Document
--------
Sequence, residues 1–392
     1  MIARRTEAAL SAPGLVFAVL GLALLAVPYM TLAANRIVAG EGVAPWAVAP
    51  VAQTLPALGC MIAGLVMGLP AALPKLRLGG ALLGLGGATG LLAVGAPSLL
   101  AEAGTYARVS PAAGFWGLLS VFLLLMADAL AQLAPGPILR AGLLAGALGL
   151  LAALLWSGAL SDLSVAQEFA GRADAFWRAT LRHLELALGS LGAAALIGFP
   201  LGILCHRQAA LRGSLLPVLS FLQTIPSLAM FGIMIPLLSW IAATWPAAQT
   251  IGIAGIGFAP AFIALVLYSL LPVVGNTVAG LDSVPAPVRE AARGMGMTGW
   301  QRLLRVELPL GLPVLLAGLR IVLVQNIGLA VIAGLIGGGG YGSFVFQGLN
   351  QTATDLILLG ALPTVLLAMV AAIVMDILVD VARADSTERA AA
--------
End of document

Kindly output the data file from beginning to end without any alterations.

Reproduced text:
Sequence, residues 1–392
     1  MIARRTEAAL SAPGLVFAVL GLALLAVPYM TLAANRIVAG EGVAPWAVAP
    51  VAQTLPALGC MIAGLVMGLP AALPKLRLGG ALLGLGGATG LLAVGAPSLL
   101  AEAGTYARVS PAAGFWGLLS VFLLLMADAL AQLAPGPILR AGLLAGALGL
   151  LAALLWSGAL SDLSVAQEFA GRADAFWRAT LRHLELALGS LGAAALIGFP
   201  LGILCHRQAA LRGSLLPVLS FLQTIPSLAM FGIMIPLLSW IAATWPAAQT
   251  IGIAGIGFAP AFIALVLYSL LPVVGNTVAG LDSVPAPVRE AARGMGMTGW
   301  QRLLRVELPL GLPVLLAGLR IVLVQNIGLA VIAGLIGGGG YGSFVFQGLN
   351  QTATDLILLG ALPTVLLAMV AAIVMDILVD VARADSTERA AA